are impulse buyers and adopters of new products.” When presented with the statement “I often
buy things I do not need impulsively,” 52% of respondents in Thailand somewhat or strongly
agreed with the statement, while the percentages of those somewhat or strongly agreeing with
the statement in India and China were 48% and 44% respectively. Egypt and Saudi Arabia had the same percentage
of respondents — 42%. And now there is a new social trend that is
causing young people to go deeper into debt – social media consumerism. Financial website The Ascent explains how
social media increases spending: “The biggest reason social media encourages
you to spend money is an age-old concept taken to its 21st-century extreme — peer pressure,
previously known as ‘keeping up with the Joneses’ and now referred to as ‘FOMO
(fear of missing out).’ With social media, you get a constant view
of the best parts of other people’s lives. You see the meals at fancy restaurants, the
designer clothes, and the luxurious vacations. And if you follow any celebrities or influencers,
you’ll see those types of posts all the time. It’s natural to feel a bit jealous and to
want the same for yourself.” You may laugh at the reasoning behind social
media consumerism, but the overspending that results from it is becoming a serious problem. The Ascent cites a study by Allianz Life that
found “61% of millennials said they’ve had feelings of inadequacy about their lives
because of what they saw on social media, and 57% said that social media caused them
to spend money due to a fear of missing out.” It also adds that “Credit Karma found that
39% of millennials had even gone into debt just to keep up with their friends.” In a recent article, CNBC also explores the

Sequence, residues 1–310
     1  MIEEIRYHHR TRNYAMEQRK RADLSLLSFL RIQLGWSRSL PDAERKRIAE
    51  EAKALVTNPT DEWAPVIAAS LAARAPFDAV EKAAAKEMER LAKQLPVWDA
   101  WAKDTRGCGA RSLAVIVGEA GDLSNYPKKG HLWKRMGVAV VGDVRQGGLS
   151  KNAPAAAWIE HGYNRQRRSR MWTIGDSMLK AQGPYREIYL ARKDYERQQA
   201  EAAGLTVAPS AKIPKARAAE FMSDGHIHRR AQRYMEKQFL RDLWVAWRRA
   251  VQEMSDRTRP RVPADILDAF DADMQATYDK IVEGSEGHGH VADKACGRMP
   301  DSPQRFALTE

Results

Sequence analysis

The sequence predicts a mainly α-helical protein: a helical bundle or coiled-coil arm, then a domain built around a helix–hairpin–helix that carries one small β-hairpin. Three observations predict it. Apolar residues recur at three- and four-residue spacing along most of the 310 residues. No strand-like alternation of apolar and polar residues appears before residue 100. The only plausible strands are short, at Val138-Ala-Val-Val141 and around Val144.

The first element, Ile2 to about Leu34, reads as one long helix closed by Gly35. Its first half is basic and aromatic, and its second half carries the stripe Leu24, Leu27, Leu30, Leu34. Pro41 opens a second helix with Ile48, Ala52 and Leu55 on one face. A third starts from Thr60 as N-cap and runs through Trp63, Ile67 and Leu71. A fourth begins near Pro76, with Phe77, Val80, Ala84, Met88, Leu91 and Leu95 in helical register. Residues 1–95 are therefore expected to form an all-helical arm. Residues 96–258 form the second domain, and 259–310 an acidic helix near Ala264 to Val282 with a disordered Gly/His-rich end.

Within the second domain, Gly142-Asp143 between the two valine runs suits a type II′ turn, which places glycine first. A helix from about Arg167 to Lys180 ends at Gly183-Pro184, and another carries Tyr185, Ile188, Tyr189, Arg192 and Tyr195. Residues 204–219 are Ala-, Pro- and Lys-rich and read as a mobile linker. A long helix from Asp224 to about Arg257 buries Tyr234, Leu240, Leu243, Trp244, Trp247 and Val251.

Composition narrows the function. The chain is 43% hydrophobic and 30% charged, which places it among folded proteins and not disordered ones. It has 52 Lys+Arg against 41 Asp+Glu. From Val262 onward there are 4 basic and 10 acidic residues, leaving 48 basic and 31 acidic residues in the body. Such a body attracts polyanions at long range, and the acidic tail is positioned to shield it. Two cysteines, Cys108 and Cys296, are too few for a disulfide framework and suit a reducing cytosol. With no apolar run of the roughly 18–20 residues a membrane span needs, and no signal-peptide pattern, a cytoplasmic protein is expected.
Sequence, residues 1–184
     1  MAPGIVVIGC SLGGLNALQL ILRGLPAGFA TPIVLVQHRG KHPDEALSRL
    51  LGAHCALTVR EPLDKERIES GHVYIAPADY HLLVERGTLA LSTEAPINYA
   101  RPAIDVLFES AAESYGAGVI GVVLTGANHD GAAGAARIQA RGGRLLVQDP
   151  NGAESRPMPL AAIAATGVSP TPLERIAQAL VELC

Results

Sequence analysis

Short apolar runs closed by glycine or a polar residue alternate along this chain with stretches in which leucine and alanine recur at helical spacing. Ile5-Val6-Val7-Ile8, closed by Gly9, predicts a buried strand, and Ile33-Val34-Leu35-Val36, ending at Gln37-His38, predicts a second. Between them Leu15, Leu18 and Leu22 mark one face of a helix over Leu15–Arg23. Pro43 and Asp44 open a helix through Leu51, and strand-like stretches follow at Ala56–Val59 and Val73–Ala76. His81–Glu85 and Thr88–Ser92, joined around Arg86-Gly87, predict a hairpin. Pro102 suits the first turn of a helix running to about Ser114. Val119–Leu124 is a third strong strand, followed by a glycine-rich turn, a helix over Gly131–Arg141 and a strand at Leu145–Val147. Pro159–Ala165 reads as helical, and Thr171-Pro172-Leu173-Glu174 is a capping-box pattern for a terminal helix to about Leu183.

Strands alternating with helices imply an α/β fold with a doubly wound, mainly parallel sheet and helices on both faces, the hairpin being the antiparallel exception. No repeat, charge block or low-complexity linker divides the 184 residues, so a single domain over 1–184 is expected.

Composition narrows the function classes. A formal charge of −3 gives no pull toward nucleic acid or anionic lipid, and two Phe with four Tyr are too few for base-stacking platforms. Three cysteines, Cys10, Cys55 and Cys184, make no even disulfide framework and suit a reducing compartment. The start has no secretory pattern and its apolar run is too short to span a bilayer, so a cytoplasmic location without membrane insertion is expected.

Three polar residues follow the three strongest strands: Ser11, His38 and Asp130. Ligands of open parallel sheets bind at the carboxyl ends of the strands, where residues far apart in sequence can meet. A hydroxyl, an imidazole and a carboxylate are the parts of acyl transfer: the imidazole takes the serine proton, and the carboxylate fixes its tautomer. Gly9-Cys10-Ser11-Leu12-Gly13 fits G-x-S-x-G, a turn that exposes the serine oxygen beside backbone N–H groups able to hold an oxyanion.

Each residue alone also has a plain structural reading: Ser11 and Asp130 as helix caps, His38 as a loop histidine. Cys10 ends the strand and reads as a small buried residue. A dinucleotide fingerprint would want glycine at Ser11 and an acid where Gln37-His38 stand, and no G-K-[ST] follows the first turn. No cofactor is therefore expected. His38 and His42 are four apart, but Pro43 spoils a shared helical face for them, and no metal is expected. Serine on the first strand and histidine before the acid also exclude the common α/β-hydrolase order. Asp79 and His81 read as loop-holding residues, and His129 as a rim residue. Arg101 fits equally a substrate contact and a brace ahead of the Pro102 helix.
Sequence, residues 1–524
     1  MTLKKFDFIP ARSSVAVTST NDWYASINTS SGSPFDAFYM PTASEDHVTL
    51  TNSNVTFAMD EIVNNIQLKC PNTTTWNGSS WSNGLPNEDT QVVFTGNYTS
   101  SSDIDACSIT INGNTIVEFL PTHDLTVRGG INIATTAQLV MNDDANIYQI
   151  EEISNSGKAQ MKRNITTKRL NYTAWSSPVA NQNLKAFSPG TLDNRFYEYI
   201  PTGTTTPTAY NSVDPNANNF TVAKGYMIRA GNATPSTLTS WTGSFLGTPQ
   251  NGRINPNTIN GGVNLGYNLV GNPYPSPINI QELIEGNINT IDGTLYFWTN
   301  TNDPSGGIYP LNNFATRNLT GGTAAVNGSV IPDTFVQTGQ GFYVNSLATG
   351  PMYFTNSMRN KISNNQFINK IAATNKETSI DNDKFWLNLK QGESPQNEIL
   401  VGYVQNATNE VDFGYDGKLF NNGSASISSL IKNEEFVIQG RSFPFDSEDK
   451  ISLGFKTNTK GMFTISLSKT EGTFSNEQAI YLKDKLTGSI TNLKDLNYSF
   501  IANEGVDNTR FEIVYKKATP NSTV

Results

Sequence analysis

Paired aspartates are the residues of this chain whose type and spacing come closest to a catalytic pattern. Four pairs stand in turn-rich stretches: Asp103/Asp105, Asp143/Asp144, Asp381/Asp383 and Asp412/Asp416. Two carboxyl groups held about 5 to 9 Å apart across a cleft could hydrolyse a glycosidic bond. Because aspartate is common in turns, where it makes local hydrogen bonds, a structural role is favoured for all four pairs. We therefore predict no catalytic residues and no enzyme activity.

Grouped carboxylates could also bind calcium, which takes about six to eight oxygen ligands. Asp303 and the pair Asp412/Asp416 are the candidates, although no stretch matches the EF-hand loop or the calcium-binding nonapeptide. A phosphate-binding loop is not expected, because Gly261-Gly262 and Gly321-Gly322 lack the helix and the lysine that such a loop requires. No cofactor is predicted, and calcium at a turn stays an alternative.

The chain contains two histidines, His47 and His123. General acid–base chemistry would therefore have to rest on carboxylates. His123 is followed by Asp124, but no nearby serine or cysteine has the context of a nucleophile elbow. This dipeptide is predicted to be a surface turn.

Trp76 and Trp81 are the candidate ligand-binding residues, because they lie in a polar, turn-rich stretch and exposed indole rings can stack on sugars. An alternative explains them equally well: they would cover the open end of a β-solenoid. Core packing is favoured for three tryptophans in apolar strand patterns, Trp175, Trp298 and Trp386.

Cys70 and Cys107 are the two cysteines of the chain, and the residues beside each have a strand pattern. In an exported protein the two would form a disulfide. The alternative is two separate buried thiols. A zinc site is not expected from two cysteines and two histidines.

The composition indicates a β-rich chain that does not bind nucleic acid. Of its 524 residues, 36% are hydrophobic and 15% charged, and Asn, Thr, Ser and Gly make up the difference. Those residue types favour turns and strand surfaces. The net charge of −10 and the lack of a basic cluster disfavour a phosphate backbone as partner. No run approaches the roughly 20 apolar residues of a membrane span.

financial toll social media is having on millennials. It discusses the findings of Schwab’s 2019
Modern Wealth survey. According to this survey, “just under half,
49%, of millennials (ages 23 to 38) say social media influenced them to spend money on experiences.” The survey also found that “48% say they’ve
overspent when sharing experiences with friends, whether it’s dining out or going on a group
vacation.” However, while millennials may be eager to
share their experiences of the good life on social media, they tend to hide the financial
problems caused by them. According to a Forbes article, “out of the
40% of people who went into debt for their social lives, 73% kept it a secret from their
friends.” Is there any glimmer of hope that millennials
can improve their financial circumstances? A Business Insider article tries to see the
bright side of the millennials’ situation, noting experts call them both the “brokest”
and “richest” generation. Data from the Fed indicates that “individual
incomes were falling for millennials” but at the same time “family incomes for married
couples grew.” A study by the Pew Research Center also found
that “millennial households are earning more than previous generations did at their
age nearly any time in the past 50 years.” In addition, millennial researcher Jason Dorsey
points out that in time inheritances may also add to their wealth. “From a big-picture viewpoint, millennials
will likely receive the greatest wealth transfer in modern history — from the baby boomers,”
Dorsey said. “However, the reality is that baby boomers
are healthier and living longer than even they planned, so that wealth transfer might
not happen for 20-plus years.” Did you learn anything new from this video? We bet you did! And if you want to learn even more then check
out this other great Infographics Show video or this other great video by us! You might not have a choice about your financial
future but you can pick which of these great videos to watch next so do it right now!


  1. Mustafa Osman says:

    148th place

  2. First name Last name says:

    Free market competition has had an immeasurable impact on living standards worldwide. Today's average American lives better than royalty of yesteryear. Air conditioning, life expectancy, refrigerators, microwave oven, cell phones, clothes washers and dryers, safer cars, ovens, medical technology, and on and on……

  3. Ten Minute Tokyo 2 says:

    Because elites are illegally manipulating wages down.

  4. satya sri sai says:

    Comments :4